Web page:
ARC Review: THE STONE KNIFE by Anna Stephens

I received an eARC from the publishers through NetGalley in exchange for an honest review. It has not affected my opinions.

Genre: Fantasy
Age Range: Adult
Star Rating: 2 stars
Series: Yes - first book
CW: blood, gore

Synopsis:

Book title for THE STONE KNIFE: title in dark green leaves below a burning stone shield

For generations, the forests of Ixachipan have echoed with the clash of weapons, as nation after nation has fallen to the Empire of Songs – and to the unending, magical music that binds its people together. Now, only two free tribes remain.

The Empire is not their only enemy. Monstrous, scaled predators lurk in rivers and streams, with a deadly music of their own.

As battle looms, fighters on both sides must decide how far they will go for their beliefs and for the ones they love – a veteran general seeks peace through war, a warrior and a shaman set out to understand their enemies, and an ambitious noble tries to bend ancient magic to her will.

Synopsis taken from Goodreads. Add to your shelves here.


Review:

It took me two attempts to get into this book, and frankly trying to start a large (600 page!!!) book three days into counting the US election was probably not the best idea. As such, I had to come back and start again ten days later.

My main issue with this book was the sheer length. It was just so long and felt like it really lacked focus. I kept wondering what I was supposed to be rooting to happen, and waiting for something to happen that would grab me. Instead, the book just dragged on. I feel like the book could have been 200 pages shorter and thus more engaging. Once it fell to the inevitable battle, I lost all interest because it was two sides I didn’t care about fighting.

There were at least six POVs, on all different sides of the war, but I don’t know what the point of most of them was. What did Lilla add, for example? Given that the characters were on the opposite sides of the war, I think I was meant to be rooting for both sides? But I just ended up not caring about either. Enet was just too selfish for me to like her at all, and the others were mostly flat and emotionless. The only one I really liked was Tayan, but he fell out of prominence and impact in the second half.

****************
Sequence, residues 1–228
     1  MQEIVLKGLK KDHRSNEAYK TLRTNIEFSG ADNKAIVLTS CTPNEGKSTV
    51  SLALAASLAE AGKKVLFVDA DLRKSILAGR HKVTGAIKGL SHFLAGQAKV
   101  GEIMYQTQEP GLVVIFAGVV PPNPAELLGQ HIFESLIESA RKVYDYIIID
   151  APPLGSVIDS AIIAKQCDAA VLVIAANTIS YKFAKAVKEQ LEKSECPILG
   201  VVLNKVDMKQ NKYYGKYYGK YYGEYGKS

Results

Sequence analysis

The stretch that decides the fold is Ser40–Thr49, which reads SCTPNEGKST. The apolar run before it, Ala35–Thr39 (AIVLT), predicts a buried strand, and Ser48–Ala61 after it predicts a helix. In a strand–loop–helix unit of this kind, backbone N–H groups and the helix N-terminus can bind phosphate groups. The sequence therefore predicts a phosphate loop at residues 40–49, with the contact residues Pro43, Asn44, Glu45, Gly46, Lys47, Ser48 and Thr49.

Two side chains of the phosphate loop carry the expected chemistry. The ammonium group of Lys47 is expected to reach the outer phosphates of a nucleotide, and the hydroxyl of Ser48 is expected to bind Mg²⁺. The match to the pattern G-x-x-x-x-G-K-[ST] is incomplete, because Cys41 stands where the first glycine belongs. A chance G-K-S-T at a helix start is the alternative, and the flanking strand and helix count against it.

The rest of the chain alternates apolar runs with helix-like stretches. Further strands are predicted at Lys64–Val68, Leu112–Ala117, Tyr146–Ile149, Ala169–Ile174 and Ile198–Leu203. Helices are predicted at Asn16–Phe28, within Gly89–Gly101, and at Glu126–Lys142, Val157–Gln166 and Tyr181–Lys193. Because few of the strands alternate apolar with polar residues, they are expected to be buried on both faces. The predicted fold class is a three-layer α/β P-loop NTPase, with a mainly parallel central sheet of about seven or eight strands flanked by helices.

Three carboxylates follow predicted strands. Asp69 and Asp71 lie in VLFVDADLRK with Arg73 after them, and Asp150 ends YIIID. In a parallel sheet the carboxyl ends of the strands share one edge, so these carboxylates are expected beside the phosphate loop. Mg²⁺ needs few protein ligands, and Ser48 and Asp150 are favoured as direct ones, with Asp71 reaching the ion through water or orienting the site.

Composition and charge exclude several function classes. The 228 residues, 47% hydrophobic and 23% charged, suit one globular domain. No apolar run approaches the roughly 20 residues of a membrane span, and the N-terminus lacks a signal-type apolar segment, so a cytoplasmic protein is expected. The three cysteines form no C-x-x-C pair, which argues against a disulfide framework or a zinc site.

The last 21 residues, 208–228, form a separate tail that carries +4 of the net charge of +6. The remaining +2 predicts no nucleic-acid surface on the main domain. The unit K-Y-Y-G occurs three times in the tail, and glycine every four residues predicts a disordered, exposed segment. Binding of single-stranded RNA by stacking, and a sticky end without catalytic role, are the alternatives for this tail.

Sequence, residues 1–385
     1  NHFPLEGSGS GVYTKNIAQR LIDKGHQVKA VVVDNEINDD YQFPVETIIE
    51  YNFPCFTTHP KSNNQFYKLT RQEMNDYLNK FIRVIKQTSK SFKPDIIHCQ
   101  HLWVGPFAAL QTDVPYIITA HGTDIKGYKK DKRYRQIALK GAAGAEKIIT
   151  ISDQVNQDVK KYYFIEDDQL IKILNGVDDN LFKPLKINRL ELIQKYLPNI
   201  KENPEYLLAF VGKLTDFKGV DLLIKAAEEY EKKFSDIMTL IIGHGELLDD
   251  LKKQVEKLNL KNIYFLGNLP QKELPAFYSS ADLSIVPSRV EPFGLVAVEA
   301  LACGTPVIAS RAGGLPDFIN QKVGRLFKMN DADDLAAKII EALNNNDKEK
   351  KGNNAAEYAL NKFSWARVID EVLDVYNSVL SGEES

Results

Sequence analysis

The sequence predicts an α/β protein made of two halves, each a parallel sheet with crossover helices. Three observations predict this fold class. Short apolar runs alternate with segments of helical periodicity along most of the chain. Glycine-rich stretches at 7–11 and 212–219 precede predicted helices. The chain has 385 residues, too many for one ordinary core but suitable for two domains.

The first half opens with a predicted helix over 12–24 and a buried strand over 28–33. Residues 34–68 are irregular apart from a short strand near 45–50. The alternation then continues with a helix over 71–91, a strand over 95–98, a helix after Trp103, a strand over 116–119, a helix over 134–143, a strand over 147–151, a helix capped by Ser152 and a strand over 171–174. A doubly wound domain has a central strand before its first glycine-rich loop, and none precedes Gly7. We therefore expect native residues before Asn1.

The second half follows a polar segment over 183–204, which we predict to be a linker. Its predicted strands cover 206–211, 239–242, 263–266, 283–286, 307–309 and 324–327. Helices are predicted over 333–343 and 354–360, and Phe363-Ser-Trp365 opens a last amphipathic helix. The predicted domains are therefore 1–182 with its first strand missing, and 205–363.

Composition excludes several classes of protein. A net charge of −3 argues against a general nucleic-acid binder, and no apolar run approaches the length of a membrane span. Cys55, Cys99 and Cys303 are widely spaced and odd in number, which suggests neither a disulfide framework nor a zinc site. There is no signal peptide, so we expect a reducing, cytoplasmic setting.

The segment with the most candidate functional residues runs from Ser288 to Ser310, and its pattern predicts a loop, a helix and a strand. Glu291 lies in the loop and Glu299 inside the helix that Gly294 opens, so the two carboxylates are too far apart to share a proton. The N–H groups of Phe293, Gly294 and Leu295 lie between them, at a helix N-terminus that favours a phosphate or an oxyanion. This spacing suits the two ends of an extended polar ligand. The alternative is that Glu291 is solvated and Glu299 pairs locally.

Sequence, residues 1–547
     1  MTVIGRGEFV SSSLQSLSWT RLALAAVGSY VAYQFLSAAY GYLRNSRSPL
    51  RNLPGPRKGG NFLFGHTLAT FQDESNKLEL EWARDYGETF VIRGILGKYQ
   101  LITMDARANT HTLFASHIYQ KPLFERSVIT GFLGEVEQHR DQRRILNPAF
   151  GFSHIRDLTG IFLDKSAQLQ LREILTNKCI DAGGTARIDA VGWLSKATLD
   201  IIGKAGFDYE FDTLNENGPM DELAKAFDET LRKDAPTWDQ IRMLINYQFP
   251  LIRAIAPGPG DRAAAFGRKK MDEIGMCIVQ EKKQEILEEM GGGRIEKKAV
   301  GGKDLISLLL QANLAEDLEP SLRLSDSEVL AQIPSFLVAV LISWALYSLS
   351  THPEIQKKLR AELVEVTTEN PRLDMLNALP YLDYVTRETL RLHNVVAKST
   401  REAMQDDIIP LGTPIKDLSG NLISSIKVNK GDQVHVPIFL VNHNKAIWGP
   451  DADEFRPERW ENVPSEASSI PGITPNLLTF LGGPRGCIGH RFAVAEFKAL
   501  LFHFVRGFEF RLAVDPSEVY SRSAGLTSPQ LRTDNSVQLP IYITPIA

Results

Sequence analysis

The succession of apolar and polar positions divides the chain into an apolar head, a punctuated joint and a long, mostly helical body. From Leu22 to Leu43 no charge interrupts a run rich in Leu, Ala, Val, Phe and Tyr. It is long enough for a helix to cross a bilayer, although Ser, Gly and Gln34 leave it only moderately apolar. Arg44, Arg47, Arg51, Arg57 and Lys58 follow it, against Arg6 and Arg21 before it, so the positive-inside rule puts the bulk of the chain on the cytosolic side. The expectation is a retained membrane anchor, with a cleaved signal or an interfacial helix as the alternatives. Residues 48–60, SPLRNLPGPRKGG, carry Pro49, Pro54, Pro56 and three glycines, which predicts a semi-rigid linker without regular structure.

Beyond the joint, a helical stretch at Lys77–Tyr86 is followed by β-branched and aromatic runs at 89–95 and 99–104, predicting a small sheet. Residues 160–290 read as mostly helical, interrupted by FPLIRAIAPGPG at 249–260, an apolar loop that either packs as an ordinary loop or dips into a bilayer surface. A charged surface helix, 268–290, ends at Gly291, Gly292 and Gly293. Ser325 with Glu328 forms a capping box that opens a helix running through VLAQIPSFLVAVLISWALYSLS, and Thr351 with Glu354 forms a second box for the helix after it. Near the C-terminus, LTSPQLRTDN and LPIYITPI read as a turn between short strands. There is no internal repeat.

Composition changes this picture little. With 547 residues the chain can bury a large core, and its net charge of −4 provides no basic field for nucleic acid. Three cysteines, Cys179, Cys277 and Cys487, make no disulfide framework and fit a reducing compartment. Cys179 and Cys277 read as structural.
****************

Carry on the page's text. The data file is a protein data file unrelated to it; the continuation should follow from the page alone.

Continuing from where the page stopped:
I don’t know if this book is being called grim dark, but there wasn’t the grim hopelessness that feels necessary to me to merit that name. Instead it just felt excessively bloody, gory, and violent. The empire felt like it could be beaten, but wasn’t going to be as this was the first book, and the endless swearing just meant the words had no impact.

The world was about the only interesting bit of the book – a stone and jungle based world that I think (judging by names and environment) is loosely inspired by one of the empires native to South America. There are pyramids and blood sacrifices and words that conjured up that general vibe to me.

Well, considering I picked up the book with the intention of seeing if I was interested in reading her debut trilogy, at least I know I won’t be attempting them now.

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